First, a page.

Property Considerations During Divorce
California is a community property state, which means all property acquired during a marriage is generally split 50/50 in a divorce. In some cases, one spouse may be reimbursed for separate contributions they made during the marriage.
In our family law practice, we focus our efforts on finding a division of assets that is as fair as possible. We work with forensic accountants to ensure that our clients understand the costs and benefits involved in dividing up marital property. At the Law Office of Stephen W. Penn in Morgan Hill, we’re committed to helping you through the process.
How Spousal Support Is Different From Other Payments
Spousal support, commonly known as alimony or spousal maintenance, is a separate money allowance from child support. It is usually paid to a spouse who did not work during the marriage, helping them to establish themselves financially following the divorce. It may cover the spouse’s living expenses, education and other costs.
There are two different forms of spousal support — temporary and permanent:
- Temporary spousal support is largely income driven.
- Permanent spousal support, however, is largely a subjective determination made by the court and takes into account many different factors set forth in California law.
We have a firm philosophy on matters related to spousal support:
- Both parties should be employed at a level commensurate with their earning capacity. If there are very young children, then we assess whether employment is in the best interests of the children. If there are physical factors that affect employability, then we assess those as well. However, as a general rule, parties are obligated to make reasonable efforts to become self-supporting within a reasonable period of time.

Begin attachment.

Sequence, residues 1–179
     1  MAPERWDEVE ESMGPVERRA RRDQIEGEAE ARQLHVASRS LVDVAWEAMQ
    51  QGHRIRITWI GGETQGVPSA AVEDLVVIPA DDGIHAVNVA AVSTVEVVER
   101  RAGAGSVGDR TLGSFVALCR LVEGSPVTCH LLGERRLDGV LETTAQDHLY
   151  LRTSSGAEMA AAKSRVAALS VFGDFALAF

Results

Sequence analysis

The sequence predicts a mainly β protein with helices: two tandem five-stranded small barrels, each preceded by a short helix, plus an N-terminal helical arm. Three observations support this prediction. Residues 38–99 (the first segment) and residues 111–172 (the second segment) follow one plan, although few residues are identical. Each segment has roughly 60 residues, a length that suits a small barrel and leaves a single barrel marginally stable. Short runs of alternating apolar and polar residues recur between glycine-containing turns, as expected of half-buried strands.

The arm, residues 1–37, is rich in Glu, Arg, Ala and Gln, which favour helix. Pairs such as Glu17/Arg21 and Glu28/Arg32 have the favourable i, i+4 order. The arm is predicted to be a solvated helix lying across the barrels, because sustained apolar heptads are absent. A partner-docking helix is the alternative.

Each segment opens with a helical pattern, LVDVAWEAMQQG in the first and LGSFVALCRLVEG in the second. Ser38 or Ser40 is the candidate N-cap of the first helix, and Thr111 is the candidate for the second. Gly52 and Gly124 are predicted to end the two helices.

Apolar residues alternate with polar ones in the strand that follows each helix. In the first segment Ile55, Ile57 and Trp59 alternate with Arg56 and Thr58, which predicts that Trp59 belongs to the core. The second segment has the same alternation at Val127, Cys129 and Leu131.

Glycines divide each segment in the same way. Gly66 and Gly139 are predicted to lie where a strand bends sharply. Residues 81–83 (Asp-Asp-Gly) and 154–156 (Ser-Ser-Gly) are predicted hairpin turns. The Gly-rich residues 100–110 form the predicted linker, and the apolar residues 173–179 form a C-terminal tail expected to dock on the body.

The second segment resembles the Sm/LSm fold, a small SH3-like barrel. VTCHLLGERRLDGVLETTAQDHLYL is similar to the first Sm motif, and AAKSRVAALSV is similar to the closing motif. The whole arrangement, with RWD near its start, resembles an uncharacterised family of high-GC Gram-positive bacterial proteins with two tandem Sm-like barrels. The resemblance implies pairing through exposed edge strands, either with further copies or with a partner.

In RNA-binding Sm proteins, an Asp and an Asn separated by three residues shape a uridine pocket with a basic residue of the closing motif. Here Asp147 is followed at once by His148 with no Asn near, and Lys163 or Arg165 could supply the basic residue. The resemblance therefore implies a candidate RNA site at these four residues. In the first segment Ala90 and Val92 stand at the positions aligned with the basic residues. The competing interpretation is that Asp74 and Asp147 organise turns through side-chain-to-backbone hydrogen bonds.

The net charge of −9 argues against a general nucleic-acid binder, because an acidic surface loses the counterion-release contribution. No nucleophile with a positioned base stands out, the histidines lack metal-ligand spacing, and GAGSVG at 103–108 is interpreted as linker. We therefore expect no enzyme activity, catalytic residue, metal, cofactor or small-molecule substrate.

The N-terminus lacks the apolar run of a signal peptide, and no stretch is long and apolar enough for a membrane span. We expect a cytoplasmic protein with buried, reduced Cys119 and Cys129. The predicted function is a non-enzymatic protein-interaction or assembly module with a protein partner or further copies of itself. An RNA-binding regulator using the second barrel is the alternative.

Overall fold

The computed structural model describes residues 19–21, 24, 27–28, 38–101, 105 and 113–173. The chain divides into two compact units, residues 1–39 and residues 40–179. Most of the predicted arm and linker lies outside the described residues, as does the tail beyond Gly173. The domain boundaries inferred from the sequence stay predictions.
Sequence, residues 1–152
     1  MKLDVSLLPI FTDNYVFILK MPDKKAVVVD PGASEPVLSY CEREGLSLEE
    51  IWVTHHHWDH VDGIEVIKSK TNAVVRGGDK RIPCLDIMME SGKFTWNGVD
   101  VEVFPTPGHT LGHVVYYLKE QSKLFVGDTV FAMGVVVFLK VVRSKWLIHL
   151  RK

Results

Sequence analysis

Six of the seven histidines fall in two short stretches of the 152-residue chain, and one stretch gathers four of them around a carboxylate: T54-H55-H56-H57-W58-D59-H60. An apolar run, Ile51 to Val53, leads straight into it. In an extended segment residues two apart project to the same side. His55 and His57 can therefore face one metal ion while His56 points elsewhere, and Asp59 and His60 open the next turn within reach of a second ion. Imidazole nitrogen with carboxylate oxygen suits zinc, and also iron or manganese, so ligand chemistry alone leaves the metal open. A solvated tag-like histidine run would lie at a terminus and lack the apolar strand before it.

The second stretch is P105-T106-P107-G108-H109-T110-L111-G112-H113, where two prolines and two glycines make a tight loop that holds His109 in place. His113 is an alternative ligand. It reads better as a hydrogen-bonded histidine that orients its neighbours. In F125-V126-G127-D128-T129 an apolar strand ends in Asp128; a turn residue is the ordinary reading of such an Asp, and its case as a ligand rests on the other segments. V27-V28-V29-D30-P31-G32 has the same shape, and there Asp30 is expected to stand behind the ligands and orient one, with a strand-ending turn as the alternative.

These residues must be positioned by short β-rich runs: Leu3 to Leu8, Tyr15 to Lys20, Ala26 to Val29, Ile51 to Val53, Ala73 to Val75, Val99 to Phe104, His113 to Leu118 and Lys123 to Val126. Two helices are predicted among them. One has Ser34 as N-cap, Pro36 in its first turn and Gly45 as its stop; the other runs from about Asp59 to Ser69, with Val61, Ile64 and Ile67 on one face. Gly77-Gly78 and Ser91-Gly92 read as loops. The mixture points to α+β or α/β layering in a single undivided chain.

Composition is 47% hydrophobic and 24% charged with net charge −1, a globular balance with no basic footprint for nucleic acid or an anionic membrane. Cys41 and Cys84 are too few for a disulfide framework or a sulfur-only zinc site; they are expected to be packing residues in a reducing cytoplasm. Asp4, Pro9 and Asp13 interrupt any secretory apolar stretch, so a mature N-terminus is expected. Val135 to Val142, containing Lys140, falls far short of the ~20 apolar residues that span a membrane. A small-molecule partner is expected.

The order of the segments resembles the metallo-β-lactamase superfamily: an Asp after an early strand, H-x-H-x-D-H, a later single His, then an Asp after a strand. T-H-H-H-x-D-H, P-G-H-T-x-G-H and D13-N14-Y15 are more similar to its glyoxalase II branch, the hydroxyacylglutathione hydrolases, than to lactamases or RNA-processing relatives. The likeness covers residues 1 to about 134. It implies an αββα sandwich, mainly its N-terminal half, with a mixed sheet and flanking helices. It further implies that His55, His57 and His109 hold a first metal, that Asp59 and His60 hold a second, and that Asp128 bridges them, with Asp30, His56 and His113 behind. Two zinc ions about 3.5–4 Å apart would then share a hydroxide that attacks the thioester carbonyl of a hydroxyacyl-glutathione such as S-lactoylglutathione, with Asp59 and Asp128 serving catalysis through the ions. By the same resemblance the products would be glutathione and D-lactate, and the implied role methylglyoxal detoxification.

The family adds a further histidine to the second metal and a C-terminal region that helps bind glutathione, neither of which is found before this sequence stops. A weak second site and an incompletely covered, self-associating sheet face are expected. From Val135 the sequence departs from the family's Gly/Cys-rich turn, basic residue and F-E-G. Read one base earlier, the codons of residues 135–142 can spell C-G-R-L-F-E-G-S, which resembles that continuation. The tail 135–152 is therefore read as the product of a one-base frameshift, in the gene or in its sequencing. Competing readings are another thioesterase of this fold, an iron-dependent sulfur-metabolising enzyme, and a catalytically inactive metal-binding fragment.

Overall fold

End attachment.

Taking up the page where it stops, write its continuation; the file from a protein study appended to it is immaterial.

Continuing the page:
- We do not tolerate efforts to suppress income, efforts to avoid working or nonpayment of spousal support.
- We work diligently with a forensic certified public accountant to determine the appropriate level of spousal support (both temporary and permanent) and to ensure that good financial planning is done on behalf of the client. We also work closely with vocational assessors who will tell us (and the court as appropriate) what a nonworking or underemployed spouse can and should be doing to become self-supporting.
- We ensure that our clients are well-educated in this area, both as to the law and the practical aspects of spousal support (i.e., marital standard of living, post separation increase in earnings, etc.), so that clients can make well-informed financial decisions.
We use multiple resources to assist our clients in this area, and we work closely with our clients both financially and emotionally to achieve the best possible financial outcome for the client.